Still not a woman’s world
Recent weeks have brought sharply different perspectives on the state of women in America today. A new study on the status of women and girls in California, just released by Mount St. Mary’s College, concludes that women here earn degrees at a higher rate than men. Nearly a third of the state’s businesses are solely owned by women, and 38% of its elected representatives are women. Those are encouraging, if still developing, indicators that an equal society is under construction.
And yet the same survey produces reminders of persistent inequity. Three percent of California’s corporate chief executives are women. Even as more women than men graduate from law school, men vastly outnumber women in the leadership positions of law firms. Women are twice as likely as men to report being depressed or anxious.
No wonder. For as Californians consider those insights into the uneven progress of women in this state, the national political campaigns — and the atmosphere around them — continue to supply jarringly anachronistic attacks. Mitt Romney has pledged to “get rid” of Planned Parenthood. A number of states have passed abusive laws to discourage legal abortions or to harass women who obtain them. Rick Santorum and Newt Gingrich have accused the Obama administration of interfering with religious liberty by insisting that insurance plans cover contraception. And that doesn’t even begin to plumb the depths of Rush Limbaugh.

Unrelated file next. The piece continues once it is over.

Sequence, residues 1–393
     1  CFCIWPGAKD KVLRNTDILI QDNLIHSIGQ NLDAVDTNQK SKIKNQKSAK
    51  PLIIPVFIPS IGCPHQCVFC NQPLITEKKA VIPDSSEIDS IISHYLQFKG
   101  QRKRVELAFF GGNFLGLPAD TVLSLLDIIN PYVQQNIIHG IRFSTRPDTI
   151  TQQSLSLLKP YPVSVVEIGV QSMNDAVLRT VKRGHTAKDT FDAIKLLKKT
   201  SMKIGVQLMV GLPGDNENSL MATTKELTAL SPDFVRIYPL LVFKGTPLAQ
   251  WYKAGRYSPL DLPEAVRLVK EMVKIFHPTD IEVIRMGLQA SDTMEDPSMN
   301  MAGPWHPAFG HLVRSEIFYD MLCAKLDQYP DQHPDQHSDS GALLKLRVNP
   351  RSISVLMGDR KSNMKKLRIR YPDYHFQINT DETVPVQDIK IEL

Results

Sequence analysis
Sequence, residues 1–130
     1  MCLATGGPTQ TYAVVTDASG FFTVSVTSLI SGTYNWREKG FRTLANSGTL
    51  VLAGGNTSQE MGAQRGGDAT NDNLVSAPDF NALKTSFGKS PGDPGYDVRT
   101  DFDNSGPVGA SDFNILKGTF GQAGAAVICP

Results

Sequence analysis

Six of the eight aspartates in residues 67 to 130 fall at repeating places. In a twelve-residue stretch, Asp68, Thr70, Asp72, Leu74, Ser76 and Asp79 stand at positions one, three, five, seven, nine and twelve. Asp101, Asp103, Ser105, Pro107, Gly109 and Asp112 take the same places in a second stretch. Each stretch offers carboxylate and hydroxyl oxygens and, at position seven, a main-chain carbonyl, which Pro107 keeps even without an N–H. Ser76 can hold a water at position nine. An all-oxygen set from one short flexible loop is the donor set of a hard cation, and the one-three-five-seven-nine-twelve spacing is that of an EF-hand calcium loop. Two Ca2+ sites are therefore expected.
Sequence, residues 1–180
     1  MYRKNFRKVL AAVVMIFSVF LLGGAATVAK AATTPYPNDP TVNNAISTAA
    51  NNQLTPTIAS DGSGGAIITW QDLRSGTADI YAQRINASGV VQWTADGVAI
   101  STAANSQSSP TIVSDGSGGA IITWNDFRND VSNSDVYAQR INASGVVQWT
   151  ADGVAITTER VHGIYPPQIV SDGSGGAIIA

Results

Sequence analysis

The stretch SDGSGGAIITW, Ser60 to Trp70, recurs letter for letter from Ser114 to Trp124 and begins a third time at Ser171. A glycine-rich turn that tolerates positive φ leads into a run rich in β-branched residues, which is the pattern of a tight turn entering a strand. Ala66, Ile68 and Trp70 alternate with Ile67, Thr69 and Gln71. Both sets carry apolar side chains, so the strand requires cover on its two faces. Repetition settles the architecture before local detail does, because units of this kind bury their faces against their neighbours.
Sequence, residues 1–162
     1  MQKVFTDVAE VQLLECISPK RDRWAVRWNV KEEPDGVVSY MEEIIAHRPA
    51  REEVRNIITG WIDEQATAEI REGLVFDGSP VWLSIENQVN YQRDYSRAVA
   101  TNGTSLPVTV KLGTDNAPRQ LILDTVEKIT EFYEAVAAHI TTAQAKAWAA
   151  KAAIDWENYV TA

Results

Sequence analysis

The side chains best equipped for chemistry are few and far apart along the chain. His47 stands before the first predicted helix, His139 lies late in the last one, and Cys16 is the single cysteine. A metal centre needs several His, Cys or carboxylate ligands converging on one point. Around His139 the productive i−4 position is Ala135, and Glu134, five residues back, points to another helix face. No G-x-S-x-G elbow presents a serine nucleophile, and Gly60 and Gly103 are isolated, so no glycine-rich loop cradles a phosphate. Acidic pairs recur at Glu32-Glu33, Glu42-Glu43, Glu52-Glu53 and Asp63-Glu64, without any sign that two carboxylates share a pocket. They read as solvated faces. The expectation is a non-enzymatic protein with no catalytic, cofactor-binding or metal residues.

The progress of women in American society is one of the great markers of this nation’s egalitarianism, and though it remains incomplete, it should inspire pride in what has been accomplished as well as determination to complete the work. Instead, it is deliberately polarized by those who would divide in order to win. Denigrating women for competitive advantage should be the politics of yesterday; sadly, they remain.
A cure for the common opinion
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